the pattern, and put about a quarter of a grain of fulminating silver
in the place marked S, and while the glass composition is moist, put
the paper marked No. 2, over the farthest row of glass. Over all,
paste twice over the part that covers the silver a piece of paper; let
it dry, and when you wish to explode it, take hold of the two ends and
pull them sharply from each other, and it will produce a loud report.


Procure a piece of girth from 12 to 18 inches in length. Double it,
and fold it down about 1-1/2 inch, similar to the fold of a letter,
and then turn back one end of the girth, and it will form two
compartments. Then take some gum and dissolve it in water; boil it
till it is quite melted, and very thick; add coarse powdered glass,
sufficient to make it into a very thick paste; place two upright rows
of the glass composition in the inside of one of the folds, about as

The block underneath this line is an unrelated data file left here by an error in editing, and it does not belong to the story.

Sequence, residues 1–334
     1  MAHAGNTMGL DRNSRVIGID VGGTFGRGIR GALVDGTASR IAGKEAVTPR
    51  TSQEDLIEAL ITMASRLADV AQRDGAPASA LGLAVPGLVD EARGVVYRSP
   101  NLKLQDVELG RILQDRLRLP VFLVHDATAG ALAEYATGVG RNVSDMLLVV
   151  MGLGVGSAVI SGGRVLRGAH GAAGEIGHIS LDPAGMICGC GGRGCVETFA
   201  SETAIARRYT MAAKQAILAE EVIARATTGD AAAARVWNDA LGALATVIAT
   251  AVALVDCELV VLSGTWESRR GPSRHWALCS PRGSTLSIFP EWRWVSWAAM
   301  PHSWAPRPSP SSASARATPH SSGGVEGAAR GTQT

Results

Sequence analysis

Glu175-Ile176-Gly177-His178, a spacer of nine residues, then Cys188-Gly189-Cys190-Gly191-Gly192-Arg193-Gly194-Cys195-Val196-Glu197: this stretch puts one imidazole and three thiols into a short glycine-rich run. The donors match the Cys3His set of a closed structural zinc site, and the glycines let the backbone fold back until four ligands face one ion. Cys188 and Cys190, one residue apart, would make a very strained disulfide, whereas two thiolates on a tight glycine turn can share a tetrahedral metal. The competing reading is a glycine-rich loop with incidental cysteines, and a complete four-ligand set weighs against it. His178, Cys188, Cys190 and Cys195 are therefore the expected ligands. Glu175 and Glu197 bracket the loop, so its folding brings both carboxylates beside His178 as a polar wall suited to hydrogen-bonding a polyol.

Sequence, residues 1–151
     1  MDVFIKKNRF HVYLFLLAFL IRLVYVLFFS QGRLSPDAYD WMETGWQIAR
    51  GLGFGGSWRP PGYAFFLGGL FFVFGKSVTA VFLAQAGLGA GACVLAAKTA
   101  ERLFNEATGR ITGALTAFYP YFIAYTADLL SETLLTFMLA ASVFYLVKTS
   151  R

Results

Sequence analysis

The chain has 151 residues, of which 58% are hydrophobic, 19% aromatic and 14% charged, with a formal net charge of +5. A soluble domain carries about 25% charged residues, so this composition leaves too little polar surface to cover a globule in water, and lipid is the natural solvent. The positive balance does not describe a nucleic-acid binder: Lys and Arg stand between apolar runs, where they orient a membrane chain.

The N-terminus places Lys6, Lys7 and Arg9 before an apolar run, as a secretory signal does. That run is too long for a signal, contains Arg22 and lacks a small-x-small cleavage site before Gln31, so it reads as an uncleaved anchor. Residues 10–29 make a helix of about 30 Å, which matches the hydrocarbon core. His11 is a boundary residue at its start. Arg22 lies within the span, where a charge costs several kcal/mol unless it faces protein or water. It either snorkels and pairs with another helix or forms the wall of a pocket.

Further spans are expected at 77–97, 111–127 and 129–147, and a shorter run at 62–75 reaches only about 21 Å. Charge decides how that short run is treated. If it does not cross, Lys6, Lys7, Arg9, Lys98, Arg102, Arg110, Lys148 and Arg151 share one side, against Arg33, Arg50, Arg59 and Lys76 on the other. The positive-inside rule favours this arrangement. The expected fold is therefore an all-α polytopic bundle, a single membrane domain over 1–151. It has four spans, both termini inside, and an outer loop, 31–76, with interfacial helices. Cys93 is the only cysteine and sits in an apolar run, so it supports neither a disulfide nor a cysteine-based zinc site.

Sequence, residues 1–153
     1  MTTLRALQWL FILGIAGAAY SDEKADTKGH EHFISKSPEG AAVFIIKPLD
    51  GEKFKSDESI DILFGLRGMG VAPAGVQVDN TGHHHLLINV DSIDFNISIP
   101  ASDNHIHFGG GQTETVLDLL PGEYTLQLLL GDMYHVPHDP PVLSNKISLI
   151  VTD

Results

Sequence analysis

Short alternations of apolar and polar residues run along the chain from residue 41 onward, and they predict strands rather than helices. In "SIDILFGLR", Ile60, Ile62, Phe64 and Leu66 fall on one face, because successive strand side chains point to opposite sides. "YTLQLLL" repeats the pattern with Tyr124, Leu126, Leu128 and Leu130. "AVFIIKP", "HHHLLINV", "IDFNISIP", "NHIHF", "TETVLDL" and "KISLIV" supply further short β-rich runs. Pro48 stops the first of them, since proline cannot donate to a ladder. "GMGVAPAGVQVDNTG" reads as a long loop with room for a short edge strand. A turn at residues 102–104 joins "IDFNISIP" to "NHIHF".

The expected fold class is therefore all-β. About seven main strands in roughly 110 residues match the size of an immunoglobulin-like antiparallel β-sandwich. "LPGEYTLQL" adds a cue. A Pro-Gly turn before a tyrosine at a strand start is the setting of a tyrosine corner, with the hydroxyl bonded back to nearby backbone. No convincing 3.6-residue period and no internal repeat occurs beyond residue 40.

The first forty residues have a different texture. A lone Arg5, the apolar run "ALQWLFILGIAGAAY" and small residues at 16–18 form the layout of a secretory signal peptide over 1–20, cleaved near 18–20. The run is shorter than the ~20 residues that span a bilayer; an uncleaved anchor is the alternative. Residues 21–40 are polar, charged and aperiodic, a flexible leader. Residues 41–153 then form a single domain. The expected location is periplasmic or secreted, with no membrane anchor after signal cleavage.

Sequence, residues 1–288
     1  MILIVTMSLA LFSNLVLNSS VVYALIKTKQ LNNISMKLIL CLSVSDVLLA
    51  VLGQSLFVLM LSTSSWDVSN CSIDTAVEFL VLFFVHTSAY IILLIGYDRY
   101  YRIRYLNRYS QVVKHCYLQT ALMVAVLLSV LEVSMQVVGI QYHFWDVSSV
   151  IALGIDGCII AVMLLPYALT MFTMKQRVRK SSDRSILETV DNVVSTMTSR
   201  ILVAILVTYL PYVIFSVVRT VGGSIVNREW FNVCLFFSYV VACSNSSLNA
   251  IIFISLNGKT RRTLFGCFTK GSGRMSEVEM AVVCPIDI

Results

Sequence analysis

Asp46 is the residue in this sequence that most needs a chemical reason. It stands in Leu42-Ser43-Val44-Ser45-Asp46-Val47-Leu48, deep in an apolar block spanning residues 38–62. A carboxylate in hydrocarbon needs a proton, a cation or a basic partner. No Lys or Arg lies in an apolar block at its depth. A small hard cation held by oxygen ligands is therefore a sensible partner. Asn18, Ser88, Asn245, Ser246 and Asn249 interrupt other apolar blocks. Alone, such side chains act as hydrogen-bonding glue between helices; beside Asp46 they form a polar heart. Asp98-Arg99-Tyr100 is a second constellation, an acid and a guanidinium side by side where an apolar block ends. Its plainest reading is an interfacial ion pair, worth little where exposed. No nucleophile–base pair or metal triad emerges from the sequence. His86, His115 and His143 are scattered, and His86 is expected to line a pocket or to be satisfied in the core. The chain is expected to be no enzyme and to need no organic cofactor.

wide as the thickness of a lath, and as high as a half-crown laid
flat; and when they are dry, sew the first fold together on the edge,
and then the second at the opposite end, so that one end may be open.
Then, in the centre of the two rows, put about a grain of fulminating
silver, and paste a piece of cotton or silk over it. Make a hole at
each end of the girdle, and hang it to a hook in the door-post, and
the other hook on the door, observing to place the silk part so that
it may come against the edge of the door when opened, which will cause
a report as loud as a small cannon. The fulminating silver may be
purchased at any of the operating chemists.


Procure some glass globes, between the size of a pea and a small
marble, in which there must be a small hole; put into it half a grain
of fulminating silver. Paste a piece of paper carefully over the ball
to prevent the silver from escaping. When you wish to explode one put
it on the ground, and tread hard upon it, and it will go off with a
loud noise. These balls may be made productive of much amusement in
company, by placing a chair lightly on them; for whoever sits down
upon them will cause them to explode. These globes may be procured at
the barometer-makers.


Is made of binding, about three-eighths of an inch in width. Observe
the same directions as given for the girdle; you may either explode it
yourself, by taking hold of each end, and rolling the ends from each
other sharply, or give one end to another, and pull together.